Self-help tips to fight fatigue

Self-help tips to fight fatiguee
Self-help tips to fight fatigue
Many cases of unexplained tiredness are due to stress, not enough sleep, poor diet and other lifestyle factors. Use these self-help tips to restore your energy levels.

Eat often to beat tiredness

A good way to keep up your energy through the day is to eat regular meals and healthy snacks every three to four hours, rather than a large meal less often.

Read more about healthy eating.

Perk up with exercise

You might feel too tired to exercise, but regular exercise will make you feel less tired in the long run, and you’ll have more energy. Even a single 15-minute walk can give you an energy boost, and the benefits increase with more frequent physical activity.

Start with a small amount of exercise. Build up your physical activity gradually over weeks and months until you reach the recommended goal of two-and-a-half hours of moderate-intensity aerobic exercise, such as cycling or fast walking, every week.

Read more about starting exercise.

Find out the physical activity guidelines for adults.

Lose weight to gain energy

If your body is carrying excess weight, it can be exhausting. It also puts extra strain on your heart, which can make you tired. Lose weight and you’ll feel much more energetic. Apart from eating healthily, the best way to lose weight is to be more active and do more exercise.

Read more about how to lose weight.

Sleep well

It sounds obvious, but two-thirds of us suffer from sleep problems, and many people don’t get the sleep they need to stay alert through the day. The Royal College of Psychiatrists advises going to bed and getting up in the morning at the same time every day; avoid naps through the day, and have a hot bath before bed (as hot as you can bear without scalding you) for at least 20 minutes.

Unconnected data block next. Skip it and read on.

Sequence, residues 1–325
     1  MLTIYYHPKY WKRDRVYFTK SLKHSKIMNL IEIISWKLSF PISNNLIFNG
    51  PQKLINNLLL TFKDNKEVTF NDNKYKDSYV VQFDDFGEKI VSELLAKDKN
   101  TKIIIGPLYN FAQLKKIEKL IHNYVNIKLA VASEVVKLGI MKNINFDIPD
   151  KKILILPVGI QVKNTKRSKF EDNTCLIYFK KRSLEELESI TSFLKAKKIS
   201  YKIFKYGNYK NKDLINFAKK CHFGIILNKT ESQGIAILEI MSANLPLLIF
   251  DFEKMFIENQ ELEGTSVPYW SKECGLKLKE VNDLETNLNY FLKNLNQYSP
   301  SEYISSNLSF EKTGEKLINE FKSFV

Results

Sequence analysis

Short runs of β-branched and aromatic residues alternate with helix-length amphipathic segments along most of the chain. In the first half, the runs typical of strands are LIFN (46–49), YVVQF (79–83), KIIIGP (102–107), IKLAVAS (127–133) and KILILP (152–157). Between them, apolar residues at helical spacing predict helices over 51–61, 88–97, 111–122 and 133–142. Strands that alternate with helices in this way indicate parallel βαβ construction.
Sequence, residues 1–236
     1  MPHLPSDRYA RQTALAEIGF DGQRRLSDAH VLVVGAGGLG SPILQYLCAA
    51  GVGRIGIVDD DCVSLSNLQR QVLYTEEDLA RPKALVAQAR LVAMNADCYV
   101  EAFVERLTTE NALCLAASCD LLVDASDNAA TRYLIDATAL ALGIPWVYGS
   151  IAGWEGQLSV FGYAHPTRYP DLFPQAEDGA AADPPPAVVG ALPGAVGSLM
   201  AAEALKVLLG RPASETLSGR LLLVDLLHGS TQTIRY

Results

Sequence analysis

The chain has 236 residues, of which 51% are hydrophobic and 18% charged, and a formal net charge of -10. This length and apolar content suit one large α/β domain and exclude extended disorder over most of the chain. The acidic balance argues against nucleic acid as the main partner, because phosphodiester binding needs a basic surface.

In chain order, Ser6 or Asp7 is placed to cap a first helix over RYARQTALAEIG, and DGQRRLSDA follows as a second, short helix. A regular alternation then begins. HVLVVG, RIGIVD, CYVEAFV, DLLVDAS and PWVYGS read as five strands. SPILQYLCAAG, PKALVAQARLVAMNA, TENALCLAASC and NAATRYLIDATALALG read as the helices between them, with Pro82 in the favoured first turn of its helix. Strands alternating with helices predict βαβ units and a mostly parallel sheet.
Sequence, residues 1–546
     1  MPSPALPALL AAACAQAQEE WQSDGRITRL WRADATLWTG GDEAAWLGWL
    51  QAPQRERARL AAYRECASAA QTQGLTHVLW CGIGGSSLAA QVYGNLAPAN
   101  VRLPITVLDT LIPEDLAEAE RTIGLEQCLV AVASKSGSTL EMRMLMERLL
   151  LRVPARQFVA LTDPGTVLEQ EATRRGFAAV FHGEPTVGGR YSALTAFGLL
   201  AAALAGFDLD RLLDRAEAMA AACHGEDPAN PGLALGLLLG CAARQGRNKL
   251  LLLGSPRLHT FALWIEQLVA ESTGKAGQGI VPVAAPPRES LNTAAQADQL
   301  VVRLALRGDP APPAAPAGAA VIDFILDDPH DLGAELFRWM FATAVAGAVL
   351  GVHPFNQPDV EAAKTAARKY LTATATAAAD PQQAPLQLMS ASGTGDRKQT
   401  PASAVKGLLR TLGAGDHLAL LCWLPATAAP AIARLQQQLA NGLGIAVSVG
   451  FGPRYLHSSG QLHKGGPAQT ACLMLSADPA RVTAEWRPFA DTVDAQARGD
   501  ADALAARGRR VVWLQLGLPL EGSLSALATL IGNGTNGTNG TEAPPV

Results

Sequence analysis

Read more about how to get a good night’s sleep.

Try these NHS-approved sleep apps to help you sleep well.

Reduce stress to boost energy

Stress uses up a lot of energy. Try to introduce relaxing activities into your day. This could be working out at the gym, or a gentler option, such as listening to music, reading or spending time with friends. Whatever relaxes you will improve your energy.

Read more about how to relieve stress.

Talking therapy beats fatigue

There’s some evidence that talking therapies such as counselling or cognitive behavioural therapy (CBT) might help to fight fatigue. See your GP for a referral for talking treatment on the NHS or for advice on seeing a private therapist.

Read more about counselling.

Cut out caffeine

The Royal College of Psychiatrists recommends that anyone feeling tired should cut out caffeine. It says the best way to do this is to gradually stop having all caffeine drinks (this includes coffee, tea and cola drinks) over a three-week period. Try to stay off caffeine completely for a month to see if you feel less tired without it.

You may find that not consuming caffeine gives you headaches. If this happens, cut down more slowly on the amount of caffeine that you drink.

Drink less alcohol

Although a few glasses of wine in the evening helps you fall asleep, you sleep less deeply after drinking alcohol. The next day you’ll be tired, even if you sleep a full eight hours.

Cut down on alcohol before bedtime. You’ll get a better night’s rest and have more energy. The NHS recommends that men and women should not regularly drink more than 14 units a week, which is equivalent to six pints of average strength beer or 10 small glasses of low strength wine.

Read more about how to cut down on alcohol.

Drink more water for better energy

Sometimes you feel tired simply because you’re mildly dehydrated. A glass of water will do the trick, especially after exercise.

Read about healthy drinks.

5 great ways to lower cholesterol naturally!

5 great ways to lower cholesterol naturally!
5 great ways to lower cholesterol naturally!

High cholesterol is the bane of the developed world.  In the modern world we have more, better and much easier to prepare food than in previous centuries. But, this also means,  far too many of us now have the opportunity to overindulge.  (I’ll put my hands up here and say I’m one of those guilty of what I have to call greed).   The problem with this kind of eating is that it does have the tendency to raise our cholesterol levels.